Scaling WordPress in the JoyentCloud Part 1

In my role as a Solution Architect at Joyent, I get asked about ways to increase performance and scale of WordPress sites in the cloud. In this article, I discuss things you can do to get your WP site optimized at the server and database levels.

Here are a few easy prescriptive solutions for your Joyent SmartMachines:

1. APC

APC or Alternative PHP Cache compiles and caches you PHP code so that it doesn’t need to be rerun each time a page is requested. This provides a 2-5 times performance increase to page load times. To enable, uncomment the line in your php.ini file. Restart the Apache process.

2. Memcached

Memcached is a memory object caching system that is used to remediate high database loads in WordPress sites by caching database results in memory. to enable, uncomment the in your php.ini file. Restart the Apache process.

3. W3 Total Cache

W3 Total Cache is a WordPress plugin that works well in the Joyent environment for caching various elements of WP sites. It can be used to leverage APC and memcached. Page and Object caches use APC and database uses memcached in the configuration.

4. Use NewRelic Application Monitoring agents

Joyent provides NewRelic application performance monitoring agents that are lightweight at the “Standard” level for free of charge to 1G or greater customers. Using NewRelic to validate system or code changes can tell you what your end user experience is as well as current load conditions of the various application layers like PHP, memcached or database. To sign up for your free account, click the SignUp button from this URL:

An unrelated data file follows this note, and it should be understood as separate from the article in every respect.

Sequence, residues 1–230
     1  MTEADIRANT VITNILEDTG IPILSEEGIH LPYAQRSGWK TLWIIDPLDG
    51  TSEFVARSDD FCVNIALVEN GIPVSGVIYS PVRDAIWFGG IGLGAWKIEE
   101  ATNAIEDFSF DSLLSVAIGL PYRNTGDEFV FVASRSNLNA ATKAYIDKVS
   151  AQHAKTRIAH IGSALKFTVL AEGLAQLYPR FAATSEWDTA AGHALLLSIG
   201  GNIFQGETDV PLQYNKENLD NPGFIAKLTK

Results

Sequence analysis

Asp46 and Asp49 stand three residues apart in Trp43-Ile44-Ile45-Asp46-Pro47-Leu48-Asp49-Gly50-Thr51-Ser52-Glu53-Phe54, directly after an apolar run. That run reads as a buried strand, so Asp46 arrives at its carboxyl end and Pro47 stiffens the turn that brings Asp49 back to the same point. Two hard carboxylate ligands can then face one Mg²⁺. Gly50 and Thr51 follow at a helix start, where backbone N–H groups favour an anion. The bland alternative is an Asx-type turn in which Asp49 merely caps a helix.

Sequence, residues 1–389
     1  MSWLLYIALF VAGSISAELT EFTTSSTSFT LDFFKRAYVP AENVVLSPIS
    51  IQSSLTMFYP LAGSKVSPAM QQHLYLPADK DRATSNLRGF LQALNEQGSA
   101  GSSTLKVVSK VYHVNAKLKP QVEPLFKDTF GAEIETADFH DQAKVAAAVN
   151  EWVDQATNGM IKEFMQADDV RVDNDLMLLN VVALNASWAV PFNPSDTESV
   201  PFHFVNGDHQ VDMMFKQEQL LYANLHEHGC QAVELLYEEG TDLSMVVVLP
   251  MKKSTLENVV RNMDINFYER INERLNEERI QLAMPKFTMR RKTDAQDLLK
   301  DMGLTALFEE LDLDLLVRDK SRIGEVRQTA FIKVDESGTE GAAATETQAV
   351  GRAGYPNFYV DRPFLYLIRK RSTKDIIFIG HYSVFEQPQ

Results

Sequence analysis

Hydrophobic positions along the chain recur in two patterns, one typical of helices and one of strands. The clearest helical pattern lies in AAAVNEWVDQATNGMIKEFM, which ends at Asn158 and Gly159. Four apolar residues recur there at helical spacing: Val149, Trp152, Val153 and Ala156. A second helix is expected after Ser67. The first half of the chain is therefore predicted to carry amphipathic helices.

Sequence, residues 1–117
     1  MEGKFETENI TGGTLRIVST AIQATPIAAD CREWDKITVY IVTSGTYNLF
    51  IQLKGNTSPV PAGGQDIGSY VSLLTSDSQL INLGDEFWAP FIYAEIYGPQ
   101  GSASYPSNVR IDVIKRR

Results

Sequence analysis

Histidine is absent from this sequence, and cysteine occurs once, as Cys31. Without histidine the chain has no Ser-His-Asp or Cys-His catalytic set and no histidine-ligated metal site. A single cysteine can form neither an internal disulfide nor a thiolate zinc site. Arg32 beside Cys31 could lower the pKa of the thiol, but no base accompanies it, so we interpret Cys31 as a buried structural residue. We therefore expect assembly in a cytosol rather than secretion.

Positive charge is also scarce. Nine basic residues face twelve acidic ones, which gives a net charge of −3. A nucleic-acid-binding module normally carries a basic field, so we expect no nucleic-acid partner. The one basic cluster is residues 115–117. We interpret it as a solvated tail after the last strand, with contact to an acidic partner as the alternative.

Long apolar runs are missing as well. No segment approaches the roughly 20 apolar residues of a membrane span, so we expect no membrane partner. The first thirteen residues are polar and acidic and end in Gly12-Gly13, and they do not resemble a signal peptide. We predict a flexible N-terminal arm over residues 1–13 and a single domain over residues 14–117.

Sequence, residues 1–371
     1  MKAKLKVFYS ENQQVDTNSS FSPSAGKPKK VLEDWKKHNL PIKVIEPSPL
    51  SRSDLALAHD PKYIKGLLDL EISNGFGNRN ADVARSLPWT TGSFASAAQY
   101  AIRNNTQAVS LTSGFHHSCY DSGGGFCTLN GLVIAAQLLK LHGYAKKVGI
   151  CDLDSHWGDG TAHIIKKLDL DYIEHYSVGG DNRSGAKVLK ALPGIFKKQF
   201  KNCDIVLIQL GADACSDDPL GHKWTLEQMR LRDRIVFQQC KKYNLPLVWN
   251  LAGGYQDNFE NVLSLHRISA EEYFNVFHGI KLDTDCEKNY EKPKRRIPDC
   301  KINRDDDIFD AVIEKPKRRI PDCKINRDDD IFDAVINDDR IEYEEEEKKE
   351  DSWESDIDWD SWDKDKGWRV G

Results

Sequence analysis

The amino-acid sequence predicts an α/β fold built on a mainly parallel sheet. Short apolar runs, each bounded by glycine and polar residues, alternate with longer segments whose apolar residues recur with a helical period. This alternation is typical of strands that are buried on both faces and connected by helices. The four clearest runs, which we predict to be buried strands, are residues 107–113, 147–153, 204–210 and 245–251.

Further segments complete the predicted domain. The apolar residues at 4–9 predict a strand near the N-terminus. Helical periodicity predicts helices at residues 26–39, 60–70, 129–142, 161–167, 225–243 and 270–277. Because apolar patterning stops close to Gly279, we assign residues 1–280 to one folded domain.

5. Optimize your Apache config

Tuning your mpm and file descriptors will help with scaling your sites. The Joyent Wiki has a has an excellent article on tuning the Apache mpm.conf and increasing file discriptors.

6. Give your MySQL database enough memory

Use the innodb database format and giving as much of your memory as you can without causing your machine to swap. I use a simple formula of 75% of memory to the MySQL config parameter innodb_buffer_pool_size on a dedicated MySQL server. This will cache most of your tables in memory thereby increasing the database response times. Watching this in NewRelic, you should be able to see if your are driving down the latency times. Then you can slowly bump up the memory until performance doesn’t improve any more.

In my next article, I will discuss solutions for more than one WordPress Server in a cluster and database scaling.

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